Garen Ewing

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Garen Ewing
GarenEwing2009.jpg
Born 1969 (age 44–45)
Nationality British
Area(s) Artist, writer
Notable works
The Rainbow Orchid
Awards British Comic Awards (Young People’s Comic Award 2013)[1]

http://www.garenewing.co.uk

Garen Ewing (born 1969, England) is an illustrator, designer and most notably a comic creator, being the writer and illustrator of The Adventures of Julius Chancer - The Rainbow Orchid.

As an aside, Ewing is a part-time researcher and writer on the Second Anglo-Afghan War (1878–80) and was interviewed by Sue Cook on BBC Radio 4's 'Making History' programme in this capacity in October 2004.[2]

Biography[edit]

After self-publishing several fanzines, he started King Rat Press in 1988 with the anthology Cosmorama, which included contributors such as Steve Pugh, David Wyatt, Warren Ellis, Paul H. Birch and Sara Russell. In 1994 he had his full length comic version of Shakespeare's The Tempest published, a copy of which resides at the Shakespeare Library, Stratford-upon-Avon. Since then, he has worked as an illustrator and designer.

His most recent work, an example of the ligne claire comic form, is a mystery adventure, The Rainbow Orchid, which has received much critical acclaim, including two nominations for a National Comic Award (2004), and winning the 2013 Young People’s Comic Award (part of the British Comic Awards).[3] The book is published in English by Egmont UK,[4] in Dutch by Silvester Strips,[5] in French by BD Must Editions, in Spanish by NetCom2 Editorial, and in German by Salleck Publications. He was one of the contributors to The DFC, the weekly kids' comic published by David Fickling Books, originally developing 'John Blake' with Philip Pullman and then writing and drawing 'Charlie Jefferson and the Tomb of Nazaleod'.[6] For the DFC's successor, The Phoenix, he illustrated two Ben Haggarty stories, 'The Legend of the Golden Feather' in issue 1,[7] and 'The Bald Boy and the Dervish' in issues 23 to 26, as well as writing and drawing 'The Secret of the Samurai', a 20-page Julius Chancer adventure. He was one of the artists featured in Dez Skinn's Comic Art Now: The Very Best in Contemporary Comic Art and Illustration (ILEX Press, 2008), and in February 2011, his poster design for Return to the Forbidden Planet was released as a stamp as part of Royal Mail's British Musicals set.[8] He contributed the 2004 section to Blank Slate Books' Nelson (2011) collaborative graphic novel.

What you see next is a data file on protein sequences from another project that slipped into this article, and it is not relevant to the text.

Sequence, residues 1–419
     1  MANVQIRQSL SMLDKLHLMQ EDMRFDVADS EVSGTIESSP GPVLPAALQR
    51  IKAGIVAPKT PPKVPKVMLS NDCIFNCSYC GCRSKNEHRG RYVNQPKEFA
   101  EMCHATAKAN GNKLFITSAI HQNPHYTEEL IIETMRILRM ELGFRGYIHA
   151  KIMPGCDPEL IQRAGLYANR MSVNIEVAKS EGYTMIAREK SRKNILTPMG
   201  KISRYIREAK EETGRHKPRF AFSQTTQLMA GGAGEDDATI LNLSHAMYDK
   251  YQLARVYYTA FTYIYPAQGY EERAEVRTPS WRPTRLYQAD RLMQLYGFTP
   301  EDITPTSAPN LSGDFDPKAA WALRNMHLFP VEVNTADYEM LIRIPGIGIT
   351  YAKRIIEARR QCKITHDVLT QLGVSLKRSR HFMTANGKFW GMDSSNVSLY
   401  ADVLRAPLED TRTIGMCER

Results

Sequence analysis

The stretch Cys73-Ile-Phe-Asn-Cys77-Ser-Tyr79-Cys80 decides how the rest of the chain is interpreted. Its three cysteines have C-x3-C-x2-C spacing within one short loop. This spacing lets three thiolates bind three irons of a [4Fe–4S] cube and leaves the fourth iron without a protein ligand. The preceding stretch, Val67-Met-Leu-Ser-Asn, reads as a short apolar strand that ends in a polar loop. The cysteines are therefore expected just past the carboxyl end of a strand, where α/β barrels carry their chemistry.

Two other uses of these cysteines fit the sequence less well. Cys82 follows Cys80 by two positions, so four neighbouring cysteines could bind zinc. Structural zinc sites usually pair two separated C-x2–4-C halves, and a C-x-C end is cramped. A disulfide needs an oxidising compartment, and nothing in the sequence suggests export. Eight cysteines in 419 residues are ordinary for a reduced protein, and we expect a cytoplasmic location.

Bibliography[edit]

Early work[edit]

Realm of the Sorceress, a fantasy/SF adventure that appeared in the fanzine Panemonium (1987–1991); The Tempest, a comic strip adaptation of the William Shakespeare play (1994); and Captain Powerchord, a humorous music-based strip that appeared in the local entertainment guide 5D (1993–1994, collected in 1996). Ewing has also contributed comics and illustrations to a wide variety of titles, including the Accent UK anthologies, Solar Wind and the Feed America's Children charity comic to name just a few.

The Rainbow Orchid Universe[edit]

The Rainbow Orchid

Ewing's main work, an adventure story set in the 1920s. An expedition sets off to northern India to find the mystical Rainbow Orchid, and save the sword of Tybalt Stone from falling into the hands of Urkaz Grope.

The Girdle of Polly Hipple

A Rainbow Orchid spin-off for Accent UK's Twelve. The anthology was based upon the twelve Labours of Hercules, and Ewing's work is based on the ninth task; the Girdle of Hippolyte. In the story, the reporter William Pickle gets his first big break by wheedling his way into getting a photo of a rare ancient Egyptian artefact.[9]

The Sword of Truth

A Rainbow Orchid spin-off for Factor Fiction's The Girly Comic, which works as an origin story for the character of Lily Lawrence as she performs at a London theatre, where two young men compete for her attentions. This story was translated into Dutch in 2010 and appeared in the comics magazine, Stripschrift.

The Secret of the Samurai

A Julius Chancer adventure set a couple of years before the events in The Rainbow Orchid, featuring the search for a lost set of samurai armour in 1920s England. Serialised in The Phoenix in 2013.

References[edit]

External links[edit]